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THE

DULL STONE HOUSE,

CHAPTER I.

AN ANGELS FACE.

What a title for the heading, of a chapter! Absurd!! Yes, to those who believe that angel's faces never shine upon us here on earth; that they are never round our paths, nor about our beds. That their voices never fall on our ears, making sweet echoing music, which shall reverberate long, long after other worldly sounds have ceased to interest us, have ceased to echo at all. But the face of one of these gentle ones was to beam on Paul Withers's pathway. It

VOL. II. B

was not the face of Margaret Percy. No. That was a beautiful face enough. Like a sculptured marble in repose; like what it was, a lovely woman's face when animated, but never an angel's face.

Paul did not even think so for one moment, in all the wild and hopeless love he lavished on Miss Percy. Her attributes were very earthly. She was beautiful; she was even gentle. She looked earnestly, truthful, and tender, sometimes through those violet eyes of hers. If that was her soul looking through the eyes, it was' not a sordid or a vulgar soul, but she was not an angel.

Paul loved her. He had only seen her twice; but he loved her, and was as weak and yielding to this passion as are most of us, when first love comes upon us in its resistless might, in all its o'ermastering strength, in its overwhelming power. He yielded himself up to this mad feeling; he counted the days that must intervene before each visit to Percy Priory, and when he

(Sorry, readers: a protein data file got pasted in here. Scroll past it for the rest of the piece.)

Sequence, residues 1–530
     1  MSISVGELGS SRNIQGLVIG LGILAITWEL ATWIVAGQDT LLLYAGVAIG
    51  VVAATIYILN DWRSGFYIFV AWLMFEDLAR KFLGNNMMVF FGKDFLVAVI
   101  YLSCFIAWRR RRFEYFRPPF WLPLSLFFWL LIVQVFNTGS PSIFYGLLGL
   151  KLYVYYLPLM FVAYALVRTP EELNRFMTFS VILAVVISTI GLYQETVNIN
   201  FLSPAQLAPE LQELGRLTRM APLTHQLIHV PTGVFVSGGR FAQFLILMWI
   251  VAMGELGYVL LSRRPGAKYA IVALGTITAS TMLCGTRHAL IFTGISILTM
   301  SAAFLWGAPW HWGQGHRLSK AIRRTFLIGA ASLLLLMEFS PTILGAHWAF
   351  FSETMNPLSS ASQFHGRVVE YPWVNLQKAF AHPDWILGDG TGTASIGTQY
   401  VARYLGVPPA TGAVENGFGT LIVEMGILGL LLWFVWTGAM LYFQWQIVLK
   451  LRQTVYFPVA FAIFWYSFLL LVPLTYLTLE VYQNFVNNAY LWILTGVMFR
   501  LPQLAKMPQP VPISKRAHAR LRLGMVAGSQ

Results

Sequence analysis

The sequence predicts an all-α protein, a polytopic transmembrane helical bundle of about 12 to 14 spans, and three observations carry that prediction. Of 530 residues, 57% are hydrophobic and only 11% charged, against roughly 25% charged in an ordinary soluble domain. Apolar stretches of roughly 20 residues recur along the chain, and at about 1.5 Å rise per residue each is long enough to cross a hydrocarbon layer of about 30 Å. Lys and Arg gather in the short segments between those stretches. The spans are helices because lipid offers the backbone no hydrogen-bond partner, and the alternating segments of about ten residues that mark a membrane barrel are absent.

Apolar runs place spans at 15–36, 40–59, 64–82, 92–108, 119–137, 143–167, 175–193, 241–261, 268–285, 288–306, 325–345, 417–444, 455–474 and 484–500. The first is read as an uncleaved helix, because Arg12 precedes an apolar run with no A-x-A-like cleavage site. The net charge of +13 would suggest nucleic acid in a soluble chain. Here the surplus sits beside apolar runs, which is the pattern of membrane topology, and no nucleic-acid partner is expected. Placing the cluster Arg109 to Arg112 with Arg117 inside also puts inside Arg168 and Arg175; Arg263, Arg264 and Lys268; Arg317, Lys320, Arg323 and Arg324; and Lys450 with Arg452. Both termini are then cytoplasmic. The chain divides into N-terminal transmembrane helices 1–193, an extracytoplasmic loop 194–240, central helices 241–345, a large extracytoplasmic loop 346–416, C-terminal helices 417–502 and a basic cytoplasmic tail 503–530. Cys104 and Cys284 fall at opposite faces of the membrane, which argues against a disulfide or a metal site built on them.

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entered the shade of its beech woods, he counted breathlessly his chances of seeing Margaret, of hearing her voice, of dwelling entranced on its every tone. Where is all this to end? When once passion has fairly usurped the mastery, did ever this prudent question recal one being to a sense of prudence? I trow not.

Paul went on his way, not rejoicing, scarcely fearing; treasuring up looks and smiles which she dealt out impartially to all. He hoped for nothing definite, only for the next time of meeting her; only for another chance, and another, of gazing upon her beauty, of hearing her speak, perhaps even of touching her hand.

She would always stop and speak to him in the street, kindly too, and with a light shining over the pure perfect face, as though his presence gave her pleasure. But Miss Percy behaved thus gently to everybody. She had very suave manners. And then, Paul had saved her life. One day, just when the first flush of autumn had

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